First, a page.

By Harry Dudley
When I worked at the United States Conference of Catholic Bishops, many people asked me about best practices in preparing laypeople for ministry. I would tell them to look at NACC because they are the gold standard. NACC has been involved in developing standards and procedures for pastoral care certification longer than any other Catholic organization.
This is why David Lichter, NACC’s executive director, was invited to meet in April 2018 with over 30 national Catholic service organizations and staff from the USCCB about ministry to those affected by incarceration. While there were still some full-time prison chaplains, the landscape had changed. More of this work was now being done by volunteers: laity, religious, and deacons.
In addition, those who were doing the work were often unaware of what others were doing. We had national standards and competencies for chaplains, but none for volunteers. We also needed to identify, recognize, and share information about the many fine programs that existed or were being developed.
That 2018 meeting ended with a decision to form the Catholic Prison Ministries Coalition to recruit, train, support, and empower those called to this ministry. Three committees were formed: a steering committee of leaders from the participating organizations, an executive committee to implement the decisions made, and a formation committee to research, create, and promote formation efforts.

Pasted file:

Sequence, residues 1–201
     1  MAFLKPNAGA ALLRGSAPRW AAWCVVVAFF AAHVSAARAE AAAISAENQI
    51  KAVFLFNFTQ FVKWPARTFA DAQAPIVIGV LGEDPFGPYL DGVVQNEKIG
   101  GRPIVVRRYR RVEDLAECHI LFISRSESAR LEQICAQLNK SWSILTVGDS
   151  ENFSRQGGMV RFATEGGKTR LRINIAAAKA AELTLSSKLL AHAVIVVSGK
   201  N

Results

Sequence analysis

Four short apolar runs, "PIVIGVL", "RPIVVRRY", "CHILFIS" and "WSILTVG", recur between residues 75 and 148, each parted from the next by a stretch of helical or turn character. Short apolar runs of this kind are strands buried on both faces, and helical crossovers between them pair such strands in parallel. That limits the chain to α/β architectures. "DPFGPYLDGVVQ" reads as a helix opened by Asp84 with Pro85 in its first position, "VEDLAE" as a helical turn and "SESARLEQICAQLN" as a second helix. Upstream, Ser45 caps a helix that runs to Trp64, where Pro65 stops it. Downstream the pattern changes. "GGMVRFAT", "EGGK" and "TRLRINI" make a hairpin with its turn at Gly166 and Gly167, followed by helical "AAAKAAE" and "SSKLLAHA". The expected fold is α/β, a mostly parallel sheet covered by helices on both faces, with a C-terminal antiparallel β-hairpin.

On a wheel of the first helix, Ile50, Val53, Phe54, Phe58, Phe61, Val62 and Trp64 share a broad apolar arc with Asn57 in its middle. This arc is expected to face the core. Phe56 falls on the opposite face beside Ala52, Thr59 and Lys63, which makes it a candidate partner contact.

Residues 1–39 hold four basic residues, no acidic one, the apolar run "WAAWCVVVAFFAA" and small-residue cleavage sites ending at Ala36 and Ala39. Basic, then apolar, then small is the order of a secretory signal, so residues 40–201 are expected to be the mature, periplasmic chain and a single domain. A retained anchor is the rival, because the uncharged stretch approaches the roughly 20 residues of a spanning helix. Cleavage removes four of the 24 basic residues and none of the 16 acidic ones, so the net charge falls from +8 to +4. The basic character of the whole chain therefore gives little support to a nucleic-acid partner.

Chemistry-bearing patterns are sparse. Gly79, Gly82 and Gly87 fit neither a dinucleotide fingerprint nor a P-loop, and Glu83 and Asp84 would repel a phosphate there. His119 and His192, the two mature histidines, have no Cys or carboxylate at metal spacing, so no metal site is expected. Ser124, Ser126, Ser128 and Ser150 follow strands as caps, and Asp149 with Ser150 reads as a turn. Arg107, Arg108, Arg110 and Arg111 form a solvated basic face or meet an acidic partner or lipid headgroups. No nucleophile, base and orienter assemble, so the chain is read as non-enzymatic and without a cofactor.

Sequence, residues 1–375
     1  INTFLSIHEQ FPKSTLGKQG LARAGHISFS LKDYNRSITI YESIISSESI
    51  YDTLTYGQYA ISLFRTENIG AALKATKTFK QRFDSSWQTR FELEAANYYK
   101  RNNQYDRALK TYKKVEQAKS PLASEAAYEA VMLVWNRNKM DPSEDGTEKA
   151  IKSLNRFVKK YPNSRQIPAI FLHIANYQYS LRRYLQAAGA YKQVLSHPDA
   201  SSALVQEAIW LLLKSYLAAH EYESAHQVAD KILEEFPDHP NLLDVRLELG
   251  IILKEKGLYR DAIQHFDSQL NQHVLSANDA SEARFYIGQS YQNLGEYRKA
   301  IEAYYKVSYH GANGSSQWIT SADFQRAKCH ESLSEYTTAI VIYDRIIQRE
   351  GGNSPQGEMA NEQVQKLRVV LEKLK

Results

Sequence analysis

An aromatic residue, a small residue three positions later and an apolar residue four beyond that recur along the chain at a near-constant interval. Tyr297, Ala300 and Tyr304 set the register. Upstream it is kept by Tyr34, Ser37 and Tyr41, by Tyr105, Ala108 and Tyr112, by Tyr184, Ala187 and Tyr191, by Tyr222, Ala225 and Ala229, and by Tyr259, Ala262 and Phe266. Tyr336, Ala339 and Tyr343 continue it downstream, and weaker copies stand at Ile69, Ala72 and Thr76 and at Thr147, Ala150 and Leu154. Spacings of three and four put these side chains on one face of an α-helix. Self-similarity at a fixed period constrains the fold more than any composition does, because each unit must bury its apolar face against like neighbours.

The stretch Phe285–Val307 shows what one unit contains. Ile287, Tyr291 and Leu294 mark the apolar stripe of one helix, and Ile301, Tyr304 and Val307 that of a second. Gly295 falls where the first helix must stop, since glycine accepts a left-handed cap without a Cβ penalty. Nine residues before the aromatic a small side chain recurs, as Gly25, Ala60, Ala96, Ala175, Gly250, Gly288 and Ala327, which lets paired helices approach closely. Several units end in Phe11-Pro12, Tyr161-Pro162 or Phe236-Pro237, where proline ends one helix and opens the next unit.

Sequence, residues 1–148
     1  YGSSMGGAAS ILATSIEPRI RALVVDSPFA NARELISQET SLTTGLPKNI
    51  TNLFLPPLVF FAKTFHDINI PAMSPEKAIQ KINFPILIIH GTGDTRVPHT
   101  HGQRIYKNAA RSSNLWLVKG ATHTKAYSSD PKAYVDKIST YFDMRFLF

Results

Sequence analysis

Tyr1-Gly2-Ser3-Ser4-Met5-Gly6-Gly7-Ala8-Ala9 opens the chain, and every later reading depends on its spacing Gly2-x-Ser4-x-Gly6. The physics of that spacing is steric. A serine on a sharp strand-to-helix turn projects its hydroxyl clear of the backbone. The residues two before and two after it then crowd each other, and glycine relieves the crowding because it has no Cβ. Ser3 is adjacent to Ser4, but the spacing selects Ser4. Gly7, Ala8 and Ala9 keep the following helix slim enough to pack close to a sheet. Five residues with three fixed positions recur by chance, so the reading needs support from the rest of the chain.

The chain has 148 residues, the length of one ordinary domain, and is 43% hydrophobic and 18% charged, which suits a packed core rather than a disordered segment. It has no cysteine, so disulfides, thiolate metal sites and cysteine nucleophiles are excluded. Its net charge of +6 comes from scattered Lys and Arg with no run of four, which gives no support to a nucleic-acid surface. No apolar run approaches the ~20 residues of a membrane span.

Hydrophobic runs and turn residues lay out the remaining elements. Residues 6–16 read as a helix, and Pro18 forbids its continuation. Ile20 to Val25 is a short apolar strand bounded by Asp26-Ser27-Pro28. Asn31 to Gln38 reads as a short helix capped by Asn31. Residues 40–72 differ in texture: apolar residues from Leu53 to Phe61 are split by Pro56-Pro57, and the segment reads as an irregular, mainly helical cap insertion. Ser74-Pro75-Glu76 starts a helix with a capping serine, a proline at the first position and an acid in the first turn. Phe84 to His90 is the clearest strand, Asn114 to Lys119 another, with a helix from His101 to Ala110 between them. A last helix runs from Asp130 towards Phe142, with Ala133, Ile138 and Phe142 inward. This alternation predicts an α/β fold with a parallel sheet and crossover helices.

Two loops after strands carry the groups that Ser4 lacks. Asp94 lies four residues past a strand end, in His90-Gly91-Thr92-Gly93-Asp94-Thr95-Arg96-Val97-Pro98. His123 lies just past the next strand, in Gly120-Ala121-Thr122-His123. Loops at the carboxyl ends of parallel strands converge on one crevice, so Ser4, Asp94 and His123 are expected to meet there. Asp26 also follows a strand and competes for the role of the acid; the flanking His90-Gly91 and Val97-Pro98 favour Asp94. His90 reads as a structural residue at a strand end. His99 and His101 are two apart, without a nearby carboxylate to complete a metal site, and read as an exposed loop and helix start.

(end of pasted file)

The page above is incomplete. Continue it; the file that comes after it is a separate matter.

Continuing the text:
David Lichter agreed to chair the CPMC Formation Committee. In 2020, NACC became CPMC’s fiscal sponsor, but CPMC continues to seek funding and support. He shared about the efforts of the NACC’s Partners in Pastoral Care Project in developing core and specialized competencies for pastoral care. The Association of Catholic Correctional Chaplains of America, which was involved in the Partners project, had already developed the certification process for full-time prison chaplains and encouraged us to move forward.
The CPMC Formation Committee decided to offer three distinct pathways for those who wanted to enter the ministry: Foundational for volunteers, Intensive for those considering a greater commitment, and Leadership/Specialization those committed to leading at an institutional, diocesan, or parish level. The framework for this training would be the four dimensions of formation found in Co-Workers in the Vineyard of the Lord: human, spiritual, intellectual, and pastoral.
Each session of the pathways would help participants to answer the following questions:
- Why am I doing this? (Motivation for pastoral care ministry)
- Where am I, and who is there? (The culture I am called to serve in)
- How do I represent the pastoral care ministry of the Church? (Pastoral identity)
- What am I doing there? (Accompaniment, listening presence)
- What am I doing there? (Religious agent)
- How do I navigate the system? (The dos, don’ts, relationships)
The first fully developed and piloted pathway is the Foundational Pathway – a national online training effort for volunteers. Two members of the CPMC leadership team were recruited to develop and offer the six sessions for this Foundational formation: Rev. George Williams, SJ, Ph.D., chaplain, San Quentin State Prison, San Francisco, CA; and Rev. Dustin Feddon, Ph.D., pastor, St. Elizabeth Ann Seton Church, Crawfordville, FL. This six-hour program was filmed and called Prison and Jail Ministry 101.